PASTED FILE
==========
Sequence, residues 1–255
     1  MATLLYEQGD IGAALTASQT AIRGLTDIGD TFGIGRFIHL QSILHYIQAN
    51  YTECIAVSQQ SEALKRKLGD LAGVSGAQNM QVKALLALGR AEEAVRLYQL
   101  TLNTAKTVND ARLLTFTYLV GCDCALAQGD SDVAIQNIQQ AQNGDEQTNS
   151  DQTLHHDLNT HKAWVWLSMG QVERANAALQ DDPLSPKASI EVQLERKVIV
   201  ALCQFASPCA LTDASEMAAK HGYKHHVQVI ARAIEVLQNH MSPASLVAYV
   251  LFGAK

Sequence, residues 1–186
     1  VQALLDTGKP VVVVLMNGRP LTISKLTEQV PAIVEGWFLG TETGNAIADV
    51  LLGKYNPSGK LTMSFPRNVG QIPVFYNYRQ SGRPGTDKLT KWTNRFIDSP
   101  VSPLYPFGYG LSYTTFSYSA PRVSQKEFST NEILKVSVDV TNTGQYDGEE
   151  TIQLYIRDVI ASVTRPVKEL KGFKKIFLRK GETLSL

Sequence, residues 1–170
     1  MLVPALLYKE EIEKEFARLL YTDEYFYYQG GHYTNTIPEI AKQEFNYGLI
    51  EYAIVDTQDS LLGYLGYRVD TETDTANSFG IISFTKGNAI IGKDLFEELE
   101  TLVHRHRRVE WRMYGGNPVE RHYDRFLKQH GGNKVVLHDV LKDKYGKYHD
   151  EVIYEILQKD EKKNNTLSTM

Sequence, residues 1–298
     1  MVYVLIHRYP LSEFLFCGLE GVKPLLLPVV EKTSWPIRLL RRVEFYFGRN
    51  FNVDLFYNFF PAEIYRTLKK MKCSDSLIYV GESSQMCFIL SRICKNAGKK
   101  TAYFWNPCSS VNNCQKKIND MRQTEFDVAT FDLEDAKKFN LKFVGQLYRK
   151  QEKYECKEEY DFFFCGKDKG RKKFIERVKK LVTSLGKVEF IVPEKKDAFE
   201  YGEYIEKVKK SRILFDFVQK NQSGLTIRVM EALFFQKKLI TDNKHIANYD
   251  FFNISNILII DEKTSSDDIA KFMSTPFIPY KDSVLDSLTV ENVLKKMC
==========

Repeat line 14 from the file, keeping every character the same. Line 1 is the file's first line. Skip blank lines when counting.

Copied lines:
     1  MLVPALLYKE EIEKEFARLL YTDEYFYYQG GHYTNTIPEI AKQEFNYGLI